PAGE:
Rose Garden Resident
San Jose Mayor Matt Mahan seeks new level of collaboration
The task for Matt Mahan as San Jose's new mayor was never going to be easy.
Not with a city still dealing with the pandemic, an economic downturn, homelessness, a housing crisis and public safety concerns. Oh. Did we mention no returning councilmembers who backed him in the November election?
Then there's this: Last fall's mayoral campaign featured nasty attack ads from both sides that worsened the longstanding divide between labor and business, making finding common ground on council issues that much harder.
It leaves the business-backed Mahan with three options:
• Fight with labor at every turn, likely resulting in little or no progress on the mayor's priorities.
• Capitulate to labor's agenda, which would anger those who elected him.
• Seek common ground with labor and find ways to collaborate in the best interest of San Jose residents.
We like the third option. And so does Mahan, as demonstrated by his approach in his first days in office. It's a smart strategy. If labor is willing to cooperate.
Mahan last week nominated council newcomer Rosemary Kamei as vice mayor. It's an intriguing choice. Kamei was endorsed by the South Bay Labor Council — the same organization that spent $5 million backing Cindy Chavez's effort to defeat Mahan.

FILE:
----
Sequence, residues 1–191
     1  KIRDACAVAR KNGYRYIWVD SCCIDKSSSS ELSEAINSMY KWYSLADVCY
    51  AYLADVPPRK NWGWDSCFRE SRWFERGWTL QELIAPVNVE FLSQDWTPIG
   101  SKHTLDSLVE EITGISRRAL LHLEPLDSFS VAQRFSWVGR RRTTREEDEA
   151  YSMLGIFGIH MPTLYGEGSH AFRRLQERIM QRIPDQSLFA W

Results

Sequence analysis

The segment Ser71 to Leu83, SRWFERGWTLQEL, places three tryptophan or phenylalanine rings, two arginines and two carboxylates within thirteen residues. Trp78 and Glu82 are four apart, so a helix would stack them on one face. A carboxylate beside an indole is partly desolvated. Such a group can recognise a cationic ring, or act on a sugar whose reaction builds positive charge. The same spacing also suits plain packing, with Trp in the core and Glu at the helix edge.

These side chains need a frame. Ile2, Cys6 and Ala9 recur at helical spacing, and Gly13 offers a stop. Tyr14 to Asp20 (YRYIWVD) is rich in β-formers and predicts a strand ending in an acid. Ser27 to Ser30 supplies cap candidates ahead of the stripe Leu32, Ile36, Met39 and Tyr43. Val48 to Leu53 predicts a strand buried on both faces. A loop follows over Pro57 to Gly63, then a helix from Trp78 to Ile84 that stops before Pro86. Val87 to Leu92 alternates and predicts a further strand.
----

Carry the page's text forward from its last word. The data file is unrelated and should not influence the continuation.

But Kamei proved to be an independent voice on the Santa Clara County Board of Education, which explains in part why she was also endorsed for the City Council by the business-oriented Santa Clara County Association of Realtors. Kamei now represents District 1, the traditionally moderate district that includes Santana Row and Westgate. If approved as vice mayor by
the full council Jan. 24, Kamei is perfectly positioned to serve as a bridge between labor and business.
Mahan then extended an olive branch to the four returning councilmembers who backed Chavez last fall. He selected Dev Davis, Pam Foley, David Cohen and Sergio Jimenez to serve on the powerful Rules and Open Government Committee, which controls the council agenda. The mayor will add a fifth member after the vacant District 8 and District 10 seats are filled.
Mahan's third significant move was creating five transition committees aimed at making the council laser-focused on what he sees as the city's five highest priorities: homelessness, public safety, blight and beautification, economic development and innovation. The committees will consist of councilmembers, city staff and community members. They will meet for roughly eight weeks to make recommendations on how the city should proceed and how to measure success. The latter is a key element of Mahan's campaign promise to bring more accountability to city government.
Getting the council on the same page and working collaboratively is a tall order. But give Mahan credit for taking meaningful steps to try to make it a reality.